The Knight Foundation and Mozilla are sponsoring a contest that asks “What should a news website look like in 2011 and beyond?”. The contest is dubbed MoJo, for Mozilla+Journalism. One of the ideas I’ve been mulling about recently is how to solve the problem of updates to articles after they’ve already been quoted and reposted by other websites or blogs. You find my entry to the MoJo Challenge here.
This problem affects the news industry in a big way as journalists, bloggers, and other media groups can end up inadvertently propagating outdated information. So the idea with the MovableCite project is to create an easy, open way for one website to communicate to another, to check for updates to specific portions of text that may have been quoted.
Here’s a list of some of the projects that offer page change notification as a service: changedetection.com, changedetect.com, femtoo.com, followthatpage.com, websnitcher.com, watchthatpage.com, feed43.com, and here’s one from Google.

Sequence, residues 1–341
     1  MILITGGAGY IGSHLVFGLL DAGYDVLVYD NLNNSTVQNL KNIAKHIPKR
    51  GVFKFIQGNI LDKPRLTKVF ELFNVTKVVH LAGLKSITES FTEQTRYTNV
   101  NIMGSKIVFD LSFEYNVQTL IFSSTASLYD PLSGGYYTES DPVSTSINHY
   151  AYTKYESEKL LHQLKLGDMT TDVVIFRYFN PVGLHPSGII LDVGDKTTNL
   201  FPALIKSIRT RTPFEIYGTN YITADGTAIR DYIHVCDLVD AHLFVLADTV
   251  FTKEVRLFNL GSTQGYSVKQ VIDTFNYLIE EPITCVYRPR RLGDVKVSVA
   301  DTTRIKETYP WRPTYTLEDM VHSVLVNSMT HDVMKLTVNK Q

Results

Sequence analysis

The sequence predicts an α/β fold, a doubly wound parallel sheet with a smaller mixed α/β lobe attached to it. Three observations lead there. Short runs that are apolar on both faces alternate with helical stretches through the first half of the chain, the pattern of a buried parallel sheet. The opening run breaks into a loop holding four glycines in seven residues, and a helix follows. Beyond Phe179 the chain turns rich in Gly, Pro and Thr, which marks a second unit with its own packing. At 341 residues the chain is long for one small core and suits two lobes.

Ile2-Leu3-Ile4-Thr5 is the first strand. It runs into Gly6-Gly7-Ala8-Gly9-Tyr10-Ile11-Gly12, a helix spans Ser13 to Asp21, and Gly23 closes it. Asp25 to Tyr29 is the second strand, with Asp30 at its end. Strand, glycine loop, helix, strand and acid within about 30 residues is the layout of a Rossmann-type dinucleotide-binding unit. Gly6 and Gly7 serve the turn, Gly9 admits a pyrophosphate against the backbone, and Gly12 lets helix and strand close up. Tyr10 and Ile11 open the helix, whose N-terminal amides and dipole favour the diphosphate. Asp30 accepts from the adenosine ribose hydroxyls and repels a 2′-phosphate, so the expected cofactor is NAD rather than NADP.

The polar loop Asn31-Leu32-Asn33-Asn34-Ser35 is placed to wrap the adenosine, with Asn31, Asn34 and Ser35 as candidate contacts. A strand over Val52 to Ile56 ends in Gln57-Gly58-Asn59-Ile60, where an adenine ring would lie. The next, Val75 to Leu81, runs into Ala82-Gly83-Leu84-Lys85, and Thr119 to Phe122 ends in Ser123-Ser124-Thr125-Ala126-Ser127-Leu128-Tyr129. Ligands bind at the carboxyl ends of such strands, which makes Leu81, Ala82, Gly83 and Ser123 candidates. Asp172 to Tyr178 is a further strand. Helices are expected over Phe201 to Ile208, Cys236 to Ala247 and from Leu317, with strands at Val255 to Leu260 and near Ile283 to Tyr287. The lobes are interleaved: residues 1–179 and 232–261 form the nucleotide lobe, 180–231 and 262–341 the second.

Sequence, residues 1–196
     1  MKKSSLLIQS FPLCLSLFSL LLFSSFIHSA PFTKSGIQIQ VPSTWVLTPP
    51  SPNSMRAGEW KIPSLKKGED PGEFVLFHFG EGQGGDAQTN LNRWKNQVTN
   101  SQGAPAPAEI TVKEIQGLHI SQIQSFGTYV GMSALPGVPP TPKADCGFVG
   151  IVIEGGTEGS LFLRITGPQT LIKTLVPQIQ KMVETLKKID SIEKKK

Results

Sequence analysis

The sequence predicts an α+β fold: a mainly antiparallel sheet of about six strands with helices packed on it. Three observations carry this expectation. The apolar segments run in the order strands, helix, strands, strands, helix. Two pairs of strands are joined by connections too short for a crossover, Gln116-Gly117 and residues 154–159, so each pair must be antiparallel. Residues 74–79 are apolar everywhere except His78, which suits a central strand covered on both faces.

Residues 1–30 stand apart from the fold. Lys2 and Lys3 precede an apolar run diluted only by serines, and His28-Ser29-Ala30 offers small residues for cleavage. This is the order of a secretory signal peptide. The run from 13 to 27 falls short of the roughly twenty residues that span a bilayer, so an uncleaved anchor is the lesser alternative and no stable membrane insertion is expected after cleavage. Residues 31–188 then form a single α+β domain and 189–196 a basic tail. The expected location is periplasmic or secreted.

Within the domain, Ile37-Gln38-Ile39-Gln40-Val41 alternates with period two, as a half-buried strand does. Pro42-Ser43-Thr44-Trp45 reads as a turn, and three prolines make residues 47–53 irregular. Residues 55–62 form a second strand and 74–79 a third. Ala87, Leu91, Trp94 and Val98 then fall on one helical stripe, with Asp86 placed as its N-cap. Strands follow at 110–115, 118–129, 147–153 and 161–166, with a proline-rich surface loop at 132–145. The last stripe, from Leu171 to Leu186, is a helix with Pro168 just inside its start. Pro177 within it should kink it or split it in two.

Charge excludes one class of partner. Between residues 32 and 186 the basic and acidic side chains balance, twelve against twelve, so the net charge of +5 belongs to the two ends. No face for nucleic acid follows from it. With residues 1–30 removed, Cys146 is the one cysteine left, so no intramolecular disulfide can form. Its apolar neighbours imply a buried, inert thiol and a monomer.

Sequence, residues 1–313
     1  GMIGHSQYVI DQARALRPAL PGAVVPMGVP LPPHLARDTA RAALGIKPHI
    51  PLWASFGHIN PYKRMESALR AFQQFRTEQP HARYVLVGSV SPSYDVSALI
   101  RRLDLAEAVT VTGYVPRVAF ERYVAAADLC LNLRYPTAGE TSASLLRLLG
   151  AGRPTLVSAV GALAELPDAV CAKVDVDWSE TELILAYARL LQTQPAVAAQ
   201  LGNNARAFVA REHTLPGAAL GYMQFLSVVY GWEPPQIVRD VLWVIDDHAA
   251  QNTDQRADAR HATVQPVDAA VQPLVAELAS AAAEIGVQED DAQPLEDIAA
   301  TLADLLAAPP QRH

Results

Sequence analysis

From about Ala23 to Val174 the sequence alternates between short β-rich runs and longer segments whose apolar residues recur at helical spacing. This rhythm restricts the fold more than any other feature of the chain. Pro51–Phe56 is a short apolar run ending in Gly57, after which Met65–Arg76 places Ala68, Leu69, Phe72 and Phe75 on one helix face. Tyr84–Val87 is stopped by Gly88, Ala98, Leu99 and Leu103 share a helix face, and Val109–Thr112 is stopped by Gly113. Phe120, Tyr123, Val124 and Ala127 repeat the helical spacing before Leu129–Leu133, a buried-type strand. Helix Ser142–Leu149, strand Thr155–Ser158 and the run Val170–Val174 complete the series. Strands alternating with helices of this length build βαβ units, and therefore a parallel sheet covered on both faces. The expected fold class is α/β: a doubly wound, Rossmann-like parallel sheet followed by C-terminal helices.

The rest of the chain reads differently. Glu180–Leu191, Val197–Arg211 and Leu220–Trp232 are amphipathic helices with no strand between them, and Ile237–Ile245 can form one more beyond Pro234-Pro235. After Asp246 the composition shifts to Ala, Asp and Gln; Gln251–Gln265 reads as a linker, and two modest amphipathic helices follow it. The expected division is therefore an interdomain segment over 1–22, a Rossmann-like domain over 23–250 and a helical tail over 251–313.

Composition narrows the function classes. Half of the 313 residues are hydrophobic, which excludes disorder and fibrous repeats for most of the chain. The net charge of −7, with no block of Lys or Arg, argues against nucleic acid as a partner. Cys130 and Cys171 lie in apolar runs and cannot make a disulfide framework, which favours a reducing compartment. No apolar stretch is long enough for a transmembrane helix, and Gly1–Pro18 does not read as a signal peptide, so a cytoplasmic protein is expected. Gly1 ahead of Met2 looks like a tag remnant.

However, as far as I know, this specific problem remains unsolved. The existing solutions mentioned above require the user to monitor alerts or notifications that will make them aware of changes. However that means a human has to monitor, understand and then make the required changes and humans don’t scale very well. None of these will make the changes for them, and using RSS or XML doesn’t work for people who are quoting specific portions of a text body.
Also, many of the aforementioned services are paid and/or proprietary, while I think this needs to be an open standard for the sake of citizen journalists. The idea here is to cache a profile of the original content, then run a background process that looks for edits or modifications. Watch the video below and follow MovableCite on github to find out more this project.